The Bitmovin API enables you to build cutting edge video workflows while leveraging emmy-award winning encoding solutions, that automatically optimize your catalog for high quality and cost efficient video streaming.
This Quick Start Video will demonstrate 3 different approaches to setup an encoding workflow using either a
- Watch Folder Workflow (No Code Required),
- the Simple Encoding API (Documentation) using a Postman Collection and a
- full Python API SDK example using this Colabortory Notebook.
The following steps will walk you through adding the SDK to an new or existing Project step by step.
Starting an encoding triggers a request for encoding instances. Once available, the input file will be downloaded, divided into chunks, and distributed between all of them. Those instances transcode each chunk into segments for all configured video/audio representations (muxings) in parallel and write them to the designated output destination. This approach makes Bitmovin's encoding the fastest in the world.
In this tutorial you will implement a simple VOD online streaming scenario, where an input file containing a video stream and stereo audio stream is transcoded into ...
- a fixed ladder of 3 video representations at different resolutions and bitrates using the H264 codec, and
- an audio rendition with the AAC codec.
Each individual stream is wrapped into fragmented MP4 (fMP4) containers. HLS and DASH manifests are generated so the encoded content is stream- and playable on the majority of modern devices and browsers out there today.
Add the Bitmovin SDK
To get started add the Bitmovin SDK to your project.
For the latest version please refer to the GitHub repository or check the changelog of the Bitmovin API. Open API SDK versions and the Bitmovin API share the same versioning.
Initialize a Bitmovin API Client
The Bitmovin API client instance is used for all communication with the Bitmovin REST API, pass your API key to authenticate with the API. You can find your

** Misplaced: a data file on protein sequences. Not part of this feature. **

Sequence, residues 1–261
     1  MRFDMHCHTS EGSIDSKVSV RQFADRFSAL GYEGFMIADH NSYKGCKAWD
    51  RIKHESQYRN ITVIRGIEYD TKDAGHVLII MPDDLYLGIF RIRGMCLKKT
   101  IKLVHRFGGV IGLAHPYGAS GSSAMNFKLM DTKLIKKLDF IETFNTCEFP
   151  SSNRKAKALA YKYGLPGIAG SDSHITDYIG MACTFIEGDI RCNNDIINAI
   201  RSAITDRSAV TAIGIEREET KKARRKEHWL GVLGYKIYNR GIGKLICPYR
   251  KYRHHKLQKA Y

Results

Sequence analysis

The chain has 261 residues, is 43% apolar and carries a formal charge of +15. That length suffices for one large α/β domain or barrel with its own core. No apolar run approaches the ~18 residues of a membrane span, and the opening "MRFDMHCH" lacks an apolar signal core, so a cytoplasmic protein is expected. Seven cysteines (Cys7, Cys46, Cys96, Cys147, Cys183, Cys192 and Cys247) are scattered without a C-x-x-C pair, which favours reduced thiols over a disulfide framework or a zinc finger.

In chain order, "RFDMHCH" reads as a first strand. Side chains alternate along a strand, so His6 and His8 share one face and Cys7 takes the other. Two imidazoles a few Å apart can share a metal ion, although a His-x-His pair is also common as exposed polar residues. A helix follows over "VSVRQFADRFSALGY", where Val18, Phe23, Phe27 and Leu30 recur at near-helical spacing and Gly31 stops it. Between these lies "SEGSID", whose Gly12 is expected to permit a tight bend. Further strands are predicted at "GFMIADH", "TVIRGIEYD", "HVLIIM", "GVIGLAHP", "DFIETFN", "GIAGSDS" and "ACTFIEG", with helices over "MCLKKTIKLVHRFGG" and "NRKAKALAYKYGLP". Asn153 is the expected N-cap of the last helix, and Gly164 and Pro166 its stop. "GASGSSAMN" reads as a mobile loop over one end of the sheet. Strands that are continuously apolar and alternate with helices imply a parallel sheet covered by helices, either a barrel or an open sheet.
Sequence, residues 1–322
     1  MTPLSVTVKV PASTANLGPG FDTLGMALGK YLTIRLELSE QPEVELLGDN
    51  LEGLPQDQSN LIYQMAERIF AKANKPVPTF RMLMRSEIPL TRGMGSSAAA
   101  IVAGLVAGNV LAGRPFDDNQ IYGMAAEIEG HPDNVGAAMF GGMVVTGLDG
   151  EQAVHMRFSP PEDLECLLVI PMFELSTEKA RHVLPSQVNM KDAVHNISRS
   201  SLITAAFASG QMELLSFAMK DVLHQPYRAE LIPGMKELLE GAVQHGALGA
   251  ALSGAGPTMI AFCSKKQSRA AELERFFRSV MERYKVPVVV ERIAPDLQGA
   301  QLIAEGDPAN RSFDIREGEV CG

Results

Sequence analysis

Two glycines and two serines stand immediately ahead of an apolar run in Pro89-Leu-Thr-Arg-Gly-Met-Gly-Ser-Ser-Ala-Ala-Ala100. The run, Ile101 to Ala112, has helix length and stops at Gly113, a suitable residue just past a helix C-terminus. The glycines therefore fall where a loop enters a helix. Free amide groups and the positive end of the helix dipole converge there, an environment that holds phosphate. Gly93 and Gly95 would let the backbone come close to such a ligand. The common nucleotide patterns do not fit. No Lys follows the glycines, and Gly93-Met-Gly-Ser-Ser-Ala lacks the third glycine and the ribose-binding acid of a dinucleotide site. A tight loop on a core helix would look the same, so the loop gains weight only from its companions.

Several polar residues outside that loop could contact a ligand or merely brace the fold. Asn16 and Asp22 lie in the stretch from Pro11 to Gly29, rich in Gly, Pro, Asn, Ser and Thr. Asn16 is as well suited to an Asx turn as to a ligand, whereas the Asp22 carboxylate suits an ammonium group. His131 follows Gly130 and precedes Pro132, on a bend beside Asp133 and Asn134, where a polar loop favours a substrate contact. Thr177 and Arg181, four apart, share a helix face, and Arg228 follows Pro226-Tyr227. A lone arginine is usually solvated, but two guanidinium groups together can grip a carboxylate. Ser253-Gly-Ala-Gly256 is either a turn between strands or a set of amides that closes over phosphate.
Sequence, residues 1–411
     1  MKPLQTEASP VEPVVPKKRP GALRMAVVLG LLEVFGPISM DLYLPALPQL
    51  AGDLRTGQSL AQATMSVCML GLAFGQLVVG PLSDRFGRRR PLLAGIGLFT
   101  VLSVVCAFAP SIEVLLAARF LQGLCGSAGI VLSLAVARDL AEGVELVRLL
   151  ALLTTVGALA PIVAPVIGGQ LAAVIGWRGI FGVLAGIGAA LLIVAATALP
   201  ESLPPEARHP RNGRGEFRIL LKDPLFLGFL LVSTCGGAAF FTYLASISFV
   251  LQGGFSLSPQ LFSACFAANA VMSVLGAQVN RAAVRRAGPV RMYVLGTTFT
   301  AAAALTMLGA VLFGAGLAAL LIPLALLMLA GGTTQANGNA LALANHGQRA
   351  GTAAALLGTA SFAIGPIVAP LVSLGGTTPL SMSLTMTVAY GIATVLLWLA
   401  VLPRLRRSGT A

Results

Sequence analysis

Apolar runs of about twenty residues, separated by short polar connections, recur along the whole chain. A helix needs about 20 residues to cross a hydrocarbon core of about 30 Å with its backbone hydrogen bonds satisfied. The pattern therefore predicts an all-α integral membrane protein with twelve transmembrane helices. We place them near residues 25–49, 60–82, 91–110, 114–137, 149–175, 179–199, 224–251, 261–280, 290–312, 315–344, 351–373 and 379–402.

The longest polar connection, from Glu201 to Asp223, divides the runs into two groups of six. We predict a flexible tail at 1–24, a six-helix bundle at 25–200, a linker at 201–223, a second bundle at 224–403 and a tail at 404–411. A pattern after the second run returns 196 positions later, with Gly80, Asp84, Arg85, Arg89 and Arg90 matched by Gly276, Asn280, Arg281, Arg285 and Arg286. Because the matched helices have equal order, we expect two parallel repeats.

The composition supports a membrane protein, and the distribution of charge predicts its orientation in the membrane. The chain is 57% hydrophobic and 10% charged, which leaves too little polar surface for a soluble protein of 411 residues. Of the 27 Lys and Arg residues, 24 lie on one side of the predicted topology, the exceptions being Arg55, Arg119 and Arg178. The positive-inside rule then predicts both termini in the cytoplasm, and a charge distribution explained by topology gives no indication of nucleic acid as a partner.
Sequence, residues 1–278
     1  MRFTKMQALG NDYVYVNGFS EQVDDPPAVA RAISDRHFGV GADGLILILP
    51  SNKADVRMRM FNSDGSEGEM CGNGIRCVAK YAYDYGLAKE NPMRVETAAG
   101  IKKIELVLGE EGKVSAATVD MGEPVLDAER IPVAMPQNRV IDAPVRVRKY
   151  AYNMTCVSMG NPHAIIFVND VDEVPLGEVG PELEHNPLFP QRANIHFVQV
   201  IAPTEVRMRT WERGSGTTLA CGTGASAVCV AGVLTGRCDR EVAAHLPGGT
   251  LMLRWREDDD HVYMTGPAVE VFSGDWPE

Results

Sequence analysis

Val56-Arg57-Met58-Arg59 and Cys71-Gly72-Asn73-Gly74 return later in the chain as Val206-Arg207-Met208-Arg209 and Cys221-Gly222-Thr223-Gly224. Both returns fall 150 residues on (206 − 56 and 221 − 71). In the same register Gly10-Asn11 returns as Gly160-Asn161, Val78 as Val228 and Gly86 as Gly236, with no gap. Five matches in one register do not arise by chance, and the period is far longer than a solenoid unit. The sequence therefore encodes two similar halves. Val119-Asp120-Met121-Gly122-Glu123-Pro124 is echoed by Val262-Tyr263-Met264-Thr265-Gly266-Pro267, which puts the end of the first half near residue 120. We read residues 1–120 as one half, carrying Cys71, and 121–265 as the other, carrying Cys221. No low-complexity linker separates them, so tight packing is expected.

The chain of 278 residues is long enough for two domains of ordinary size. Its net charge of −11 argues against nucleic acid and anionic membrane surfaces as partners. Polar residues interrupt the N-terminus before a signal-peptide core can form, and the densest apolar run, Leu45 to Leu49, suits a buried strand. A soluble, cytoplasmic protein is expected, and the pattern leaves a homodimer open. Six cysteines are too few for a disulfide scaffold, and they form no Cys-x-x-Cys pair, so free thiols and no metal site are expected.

API_KEY in the dashboard in your Account Settings.
An input holds the configuration to access a specific file storage, from which the encoder will download the source file.
We support various types of input sources including HTTP(S), (S)FTP, Google Cloud Storage (GCS), Amazon Simple Storage Service (S3), Azure Blob Storage, and all cloud storage vendors that offer an S3 compatible interface.
Below we are creating an input. You can change the input type on the top right of the code panel.
Inputs refer to a location, not a specific file.
This makes them easily reusable. Create an input once and reuse it for all your encodings.
Hint: All resources in our API are identified by a unique id which enables you to reuse many resources. So you only have to create one input for each location and can reuse it for all encodings.
Outputs define where the manifests and encoded segments will be written to.
Like inputs, outputs represent a set of information needed to access a specific storage. From this storage players can access the content for playback.
Similar to inputs, outputs also refer to a location, not a specific file.
So they're exactly as reusable as inputs. Create it once and reuse it for all your encodings.
Codec configurations specify the codec and its parameters (eg. media codec, bitrate, frame rate, sampling rate).
They are used to encode the input stream coming from your input file.
Video Codec Configurations
Below we are creating video codec configurations. We support a multitude of codecs, including H264, H265, VP9, AV1 and many more.